Is Oahu Safe for Solo Female Travelers?

It’s an unfortunate question that people ask when it comes to visiting any new destination. But given that we’re talking about the land of aloha is there really any cause for concern? Is Oahu indeed safe for women who choose to travel alone? Allow us to answer the question – yes, Oahu is absolutely safe. That said, there are some things to consider when planning your itinerary.

4 Things You Need to Know As a Woman Traveling Alone Around Oahu

Outdoor Adventures to Avoid?

This point really isn’t so much about heading out on an island adventure alone as a woman as much as it is about going alone, period. Would we advise that anyone hike the Haiku Stairway to Heaven solo? Given that you have to show up in the dark around 4 or 5 AM before security starts their shift we can say it’s a bad idea.

It really comes down to how comfortable you are with heading into remote areas alone, where a lot of Oahu’s best attractions are. A solo swim and exploration of Mokoli’i Island? Mountain biking around Kaena Point State Trail on the west side at sunset? Save those and other isolated attractions (WWII pillbox destinations, etc.) for next time when you have someone to travel with you. Otherwise, simply take the following “best practices” to heart and you’ll have a great (and safe) time:

  • Create an itinerary and leave it with hotel reception (or host) to let them know that you’re going out on a hike or long distance paddle (i.e. Mokulua Islands) and so forth.
  • Let someone back at home that you’re going out on an adventure and to alert the authorities if they don’t hear back from you after a certain time.
  • Prepare for island weather. Rainy and wind change quickly here and a sunny day can quickly turn hazardous.
  • Pack essentials, including a first aid kit, flashlight, fully charged smartphone, sunblock, water, and snacks.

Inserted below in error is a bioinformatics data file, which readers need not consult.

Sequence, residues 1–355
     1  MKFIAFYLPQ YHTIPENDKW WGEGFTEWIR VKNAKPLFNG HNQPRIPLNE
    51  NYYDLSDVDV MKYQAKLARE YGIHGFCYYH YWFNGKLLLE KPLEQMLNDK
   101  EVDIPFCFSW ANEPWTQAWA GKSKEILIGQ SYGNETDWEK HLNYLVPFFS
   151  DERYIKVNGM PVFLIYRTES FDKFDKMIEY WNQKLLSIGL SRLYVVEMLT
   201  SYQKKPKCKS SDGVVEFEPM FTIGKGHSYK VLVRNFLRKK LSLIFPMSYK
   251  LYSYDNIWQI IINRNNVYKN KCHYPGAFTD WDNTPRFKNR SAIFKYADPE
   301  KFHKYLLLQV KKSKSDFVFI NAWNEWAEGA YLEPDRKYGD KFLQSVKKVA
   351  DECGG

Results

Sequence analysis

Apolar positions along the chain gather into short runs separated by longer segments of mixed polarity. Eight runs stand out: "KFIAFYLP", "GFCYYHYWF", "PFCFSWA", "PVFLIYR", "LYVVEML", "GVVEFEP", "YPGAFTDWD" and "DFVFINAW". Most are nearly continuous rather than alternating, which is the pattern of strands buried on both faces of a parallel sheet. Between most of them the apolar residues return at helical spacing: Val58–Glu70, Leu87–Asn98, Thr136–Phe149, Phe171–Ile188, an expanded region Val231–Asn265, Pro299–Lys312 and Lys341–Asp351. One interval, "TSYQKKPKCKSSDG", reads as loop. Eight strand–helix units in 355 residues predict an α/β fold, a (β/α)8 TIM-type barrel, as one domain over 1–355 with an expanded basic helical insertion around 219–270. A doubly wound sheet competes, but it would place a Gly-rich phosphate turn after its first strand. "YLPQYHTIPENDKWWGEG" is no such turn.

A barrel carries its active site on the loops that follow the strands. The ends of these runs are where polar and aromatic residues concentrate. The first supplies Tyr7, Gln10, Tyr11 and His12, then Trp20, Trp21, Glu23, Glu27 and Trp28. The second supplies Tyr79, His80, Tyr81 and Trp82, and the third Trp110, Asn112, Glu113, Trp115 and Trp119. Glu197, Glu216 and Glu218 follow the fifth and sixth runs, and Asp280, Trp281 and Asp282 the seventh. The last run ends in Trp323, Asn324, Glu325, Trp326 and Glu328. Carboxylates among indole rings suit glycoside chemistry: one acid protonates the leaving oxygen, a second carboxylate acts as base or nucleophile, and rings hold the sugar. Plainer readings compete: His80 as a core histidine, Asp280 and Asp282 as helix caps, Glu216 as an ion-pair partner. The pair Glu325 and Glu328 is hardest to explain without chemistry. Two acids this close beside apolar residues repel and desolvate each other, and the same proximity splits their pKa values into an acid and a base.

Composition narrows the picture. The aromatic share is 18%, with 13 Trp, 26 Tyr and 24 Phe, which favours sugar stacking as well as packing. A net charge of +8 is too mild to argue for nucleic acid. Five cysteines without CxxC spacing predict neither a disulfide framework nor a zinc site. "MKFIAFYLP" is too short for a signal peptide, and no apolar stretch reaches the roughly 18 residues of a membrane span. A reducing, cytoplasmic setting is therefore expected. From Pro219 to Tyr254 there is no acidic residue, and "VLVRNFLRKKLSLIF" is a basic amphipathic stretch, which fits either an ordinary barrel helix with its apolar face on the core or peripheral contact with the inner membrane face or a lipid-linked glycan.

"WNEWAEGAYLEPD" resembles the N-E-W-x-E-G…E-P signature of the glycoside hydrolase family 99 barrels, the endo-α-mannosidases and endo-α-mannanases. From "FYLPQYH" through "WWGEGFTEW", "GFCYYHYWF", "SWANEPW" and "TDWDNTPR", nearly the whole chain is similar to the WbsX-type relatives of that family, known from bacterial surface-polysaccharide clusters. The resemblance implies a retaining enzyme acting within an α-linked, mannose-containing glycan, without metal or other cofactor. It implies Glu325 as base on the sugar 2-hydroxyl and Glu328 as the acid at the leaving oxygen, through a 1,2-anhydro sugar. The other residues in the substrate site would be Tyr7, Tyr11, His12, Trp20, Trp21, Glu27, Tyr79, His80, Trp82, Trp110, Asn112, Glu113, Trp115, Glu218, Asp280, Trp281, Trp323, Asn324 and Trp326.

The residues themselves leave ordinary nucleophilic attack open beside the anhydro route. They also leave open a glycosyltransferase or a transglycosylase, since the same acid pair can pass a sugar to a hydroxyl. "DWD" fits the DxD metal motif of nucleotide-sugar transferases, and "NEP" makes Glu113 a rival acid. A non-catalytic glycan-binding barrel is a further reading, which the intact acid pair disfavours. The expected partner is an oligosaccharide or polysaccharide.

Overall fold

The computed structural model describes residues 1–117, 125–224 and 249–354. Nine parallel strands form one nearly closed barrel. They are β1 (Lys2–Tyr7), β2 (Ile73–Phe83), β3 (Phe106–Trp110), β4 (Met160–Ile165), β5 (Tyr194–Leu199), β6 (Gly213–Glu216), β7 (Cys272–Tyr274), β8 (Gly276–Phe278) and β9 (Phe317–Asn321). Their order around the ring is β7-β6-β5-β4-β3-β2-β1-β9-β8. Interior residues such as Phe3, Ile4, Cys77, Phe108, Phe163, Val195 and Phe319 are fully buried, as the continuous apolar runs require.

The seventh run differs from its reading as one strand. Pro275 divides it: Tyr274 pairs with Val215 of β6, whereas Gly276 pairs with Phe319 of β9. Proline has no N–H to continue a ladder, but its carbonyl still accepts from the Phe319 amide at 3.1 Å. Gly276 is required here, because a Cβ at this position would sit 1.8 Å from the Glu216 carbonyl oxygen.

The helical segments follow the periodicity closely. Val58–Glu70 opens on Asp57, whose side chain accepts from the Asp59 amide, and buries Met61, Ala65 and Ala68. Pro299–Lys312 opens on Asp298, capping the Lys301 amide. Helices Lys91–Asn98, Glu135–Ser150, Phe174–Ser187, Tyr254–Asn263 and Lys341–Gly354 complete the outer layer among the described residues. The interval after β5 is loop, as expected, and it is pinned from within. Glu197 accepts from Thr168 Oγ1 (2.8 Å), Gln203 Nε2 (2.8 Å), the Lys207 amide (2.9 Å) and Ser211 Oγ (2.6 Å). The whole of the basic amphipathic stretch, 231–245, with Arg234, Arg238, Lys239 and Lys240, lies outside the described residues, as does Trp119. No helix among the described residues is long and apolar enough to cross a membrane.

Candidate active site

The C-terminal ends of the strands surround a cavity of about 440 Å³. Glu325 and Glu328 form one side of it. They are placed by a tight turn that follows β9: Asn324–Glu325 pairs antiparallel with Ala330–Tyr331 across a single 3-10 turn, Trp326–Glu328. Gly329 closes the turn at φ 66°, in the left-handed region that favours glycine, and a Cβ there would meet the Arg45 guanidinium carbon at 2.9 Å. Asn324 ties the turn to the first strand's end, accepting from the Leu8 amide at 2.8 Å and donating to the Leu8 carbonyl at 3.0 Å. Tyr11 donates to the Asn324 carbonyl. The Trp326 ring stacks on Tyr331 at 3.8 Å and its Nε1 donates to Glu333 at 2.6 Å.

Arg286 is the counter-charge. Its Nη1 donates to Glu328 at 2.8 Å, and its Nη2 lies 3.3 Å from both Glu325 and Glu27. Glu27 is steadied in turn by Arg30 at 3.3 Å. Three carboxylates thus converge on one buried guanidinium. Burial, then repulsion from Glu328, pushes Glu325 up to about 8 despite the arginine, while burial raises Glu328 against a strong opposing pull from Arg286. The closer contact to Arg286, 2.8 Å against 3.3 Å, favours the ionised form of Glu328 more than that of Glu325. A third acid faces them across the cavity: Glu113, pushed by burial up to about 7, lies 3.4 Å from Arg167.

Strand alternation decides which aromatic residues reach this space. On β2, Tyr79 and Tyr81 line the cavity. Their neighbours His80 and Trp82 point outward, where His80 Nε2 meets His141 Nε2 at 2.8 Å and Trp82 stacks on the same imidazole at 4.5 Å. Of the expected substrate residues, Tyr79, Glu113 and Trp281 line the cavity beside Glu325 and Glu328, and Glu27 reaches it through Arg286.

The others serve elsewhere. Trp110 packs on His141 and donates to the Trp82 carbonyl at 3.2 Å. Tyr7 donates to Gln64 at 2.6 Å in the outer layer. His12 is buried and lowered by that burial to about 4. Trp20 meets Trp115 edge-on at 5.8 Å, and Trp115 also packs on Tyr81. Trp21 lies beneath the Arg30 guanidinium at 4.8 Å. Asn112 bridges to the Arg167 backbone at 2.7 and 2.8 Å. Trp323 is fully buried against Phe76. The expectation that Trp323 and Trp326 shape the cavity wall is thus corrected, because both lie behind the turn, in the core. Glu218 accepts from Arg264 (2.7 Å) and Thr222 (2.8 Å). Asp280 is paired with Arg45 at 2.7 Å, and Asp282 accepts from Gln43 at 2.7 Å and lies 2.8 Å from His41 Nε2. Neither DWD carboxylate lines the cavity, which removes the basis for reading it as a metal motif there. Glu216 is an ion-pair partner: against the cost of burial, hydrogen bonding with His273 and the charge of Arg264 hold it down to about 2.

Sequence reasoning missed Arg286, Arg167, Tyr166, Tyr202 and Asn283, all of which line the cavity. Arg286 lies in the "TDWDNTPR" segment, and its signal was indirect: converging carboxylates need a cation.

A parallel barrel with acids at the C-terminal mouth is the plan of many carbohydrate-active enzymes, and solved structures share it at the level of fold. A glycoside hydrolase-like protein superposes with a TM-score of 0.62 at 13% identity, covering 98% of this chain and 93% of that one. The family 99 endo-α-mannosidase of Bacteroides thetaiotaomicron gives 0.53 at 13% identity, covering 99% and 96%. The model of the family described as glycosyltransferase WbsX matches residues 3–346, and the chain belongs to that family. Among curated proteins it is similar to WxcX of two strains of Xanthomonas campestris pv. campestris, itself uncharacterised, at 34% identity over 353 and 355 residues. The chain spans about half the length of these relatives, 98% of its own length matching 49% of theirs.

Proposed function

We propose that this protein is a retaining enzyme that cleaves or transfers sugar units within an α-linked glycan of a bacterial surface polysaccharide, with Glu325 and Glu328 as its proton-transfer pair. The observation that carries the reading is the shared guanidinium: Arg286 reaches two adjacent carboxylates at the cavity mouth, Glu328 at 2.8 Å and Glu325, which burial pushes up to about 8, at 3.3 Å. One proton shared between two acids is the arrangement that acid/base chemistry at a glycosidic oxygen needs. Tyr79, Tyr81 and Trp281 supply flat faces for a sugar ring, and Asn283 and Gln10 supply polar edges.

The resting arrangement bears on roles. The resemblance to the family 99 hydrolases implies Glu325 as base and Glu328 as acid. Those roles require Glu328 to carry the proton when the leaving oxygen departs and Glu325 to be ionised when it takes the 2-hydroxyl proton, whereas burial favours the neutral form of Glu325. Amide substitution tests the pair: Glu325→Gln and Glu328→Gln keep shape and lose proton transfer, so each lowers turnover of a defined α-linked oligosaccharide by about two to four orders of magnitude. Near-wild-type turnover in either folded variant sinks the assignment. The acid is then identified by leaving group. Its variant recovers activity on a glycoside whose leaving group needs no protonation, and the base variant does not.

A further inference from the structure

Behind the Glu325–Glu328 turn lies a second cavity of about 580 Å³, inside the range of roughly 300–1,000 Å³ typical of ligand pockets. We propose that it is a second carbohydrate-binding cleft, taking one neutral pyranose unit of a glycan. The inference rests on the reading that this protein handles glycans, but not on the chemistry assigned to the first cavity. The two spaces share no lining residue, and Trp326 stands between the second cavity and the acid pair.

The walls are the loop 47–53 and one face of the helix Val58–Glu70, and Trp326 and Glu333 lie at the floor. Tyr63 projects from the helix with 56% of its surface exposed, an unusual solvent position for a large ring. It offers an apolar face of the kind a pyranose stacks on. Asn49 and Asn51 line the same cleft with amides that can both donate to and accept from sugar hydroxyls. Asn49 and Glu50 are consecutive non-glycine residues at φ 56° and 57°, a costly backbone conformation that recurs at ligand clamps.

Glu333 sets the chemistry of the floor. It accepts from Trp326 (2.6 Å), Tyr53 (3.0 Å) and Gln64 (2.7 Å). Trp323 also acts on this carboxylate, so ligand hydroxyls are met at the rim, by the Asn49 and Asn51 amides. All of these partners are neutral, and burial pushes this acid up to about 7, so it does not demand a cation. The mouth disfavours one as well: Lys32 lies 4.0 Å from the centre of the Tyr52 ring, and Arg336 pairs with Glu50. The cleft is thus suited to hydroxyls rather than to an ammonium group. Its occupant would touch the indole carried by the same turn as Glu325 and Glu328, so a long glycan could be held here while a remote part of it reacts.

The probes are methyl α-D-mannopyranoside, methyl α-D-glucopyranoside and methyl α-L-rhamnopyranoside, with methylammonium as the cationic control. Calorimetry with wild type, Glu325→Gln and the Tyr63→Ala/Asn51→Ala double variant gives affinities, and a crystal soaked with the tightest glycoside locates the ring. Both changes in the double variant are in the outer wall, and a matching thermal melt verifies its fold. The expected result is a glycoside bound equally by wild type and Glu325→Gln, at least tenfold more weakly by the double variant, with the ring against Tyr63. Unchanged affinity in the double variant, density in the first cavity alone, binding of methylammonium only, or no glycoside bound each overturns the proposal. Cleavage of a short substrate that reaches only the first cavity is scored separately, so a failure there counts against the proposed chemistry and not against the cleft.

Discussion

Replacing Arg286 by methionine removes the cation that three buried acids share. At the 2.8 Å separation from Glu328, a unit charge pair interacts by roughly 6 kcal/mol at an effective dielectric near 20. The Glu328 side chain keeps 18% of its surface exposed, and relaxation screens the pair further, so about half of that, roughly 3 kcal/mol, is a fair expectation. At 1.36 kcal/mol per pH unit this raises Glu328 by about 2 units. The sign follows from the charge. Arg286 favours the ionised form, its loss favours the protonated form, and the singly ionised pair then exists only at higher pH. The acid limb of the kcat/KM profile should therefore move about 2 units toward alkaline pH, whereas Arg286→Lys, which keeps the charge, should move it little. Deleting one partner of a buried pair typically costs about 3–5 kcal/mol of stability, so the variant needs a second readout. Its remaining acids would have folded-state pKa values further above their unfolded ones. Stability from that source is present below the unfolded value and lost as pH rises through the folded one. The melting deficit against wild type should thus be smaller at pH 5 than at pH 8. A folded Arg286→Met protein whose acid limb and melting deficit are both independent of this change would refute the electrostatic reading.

• Where appropriate attire for the activity, such as a windbreaker and hiking boots. Also¬†wear bright clothing.
  • Stay on designated pathways and trails

Nightlife Awareness

Given that Honolulu attracts partygoers from the mainland the same unfortunate concerns that apply to a woman going out at night ANYWHERE in the world apply. When people drink and have no one to watch out for them bad things can happen. This is far less likely in Honolulu than New York, LA, Miami, and so on, but the risk of running into a nefarious drunkard is present, even if rare. Instead of nightclubs in Chinatown or even those on Kuhio Avenue of Waikiki, stick to hotel adjacent places like Duke’s Barefoot Bar, Maui Brewing Company, and Tiki’s Bar & Grill on Kalakaua Avenue which are bustling, highly visible, and super-friendly places to enjoy beer and cocktails along side friendly locals and visitors. When heading back to your Waikiki area accommodations late (after 10 PM) night walk along Kalakaua or hail an Uber/Lyft. Be sure to avoid walking Kuhio Avenue after 10 PM or you may get solicited by traveling businessmen who assume that you provide a “service”. While Kuhio has cleaned up over the years, there are some stragglers left on the block.

Public Transit?

Of all things that may make you feel uncomfortable alone on Oahu, TheBus tops the list. We won’t sugarcoat Honolulu’s public transit system when it comes to this. Aside from the quick jaunts from Waikiki to Ala Moana Center, Hanauma Bay, and other routes that are packed with fellow visitors, TheBus does collect come questionable characters. For instance, if heading from Honolulu to snorkel at Electric Beach Park on the west side there’s a good chance that a creepy old guy that smells of Smirnoff and cheap aftershave will sit near you to strike up a conversation. It doesn’t go beyond that, but if such a thing makes you uncomfortable you might reconsider public transit and opt for a ride share or car rental.

Police Presence and Good Samaritans

Hawaii 5-0 is everywhere in Waikiki and Honolulu. If in the off chance someone is bothering you there are police cruisers up and down the road to shut down the threat quickly. Then there are the local enforcers, which include the Waikiki Beach Boys, bartenders, hotel concierges, lifeguards, and good samaritans throughout the island. You can turn to them if anyone oversteps in your direction. This is not a place where people look the other way – we take care of our people, including those who just arrived.


If you have a certain activity in mind and are unsure how safe it may be when traveling alone, please feel free to message us on Facebook. We are more than happy to provide you with some helpful advice.

~ ALOHA ~

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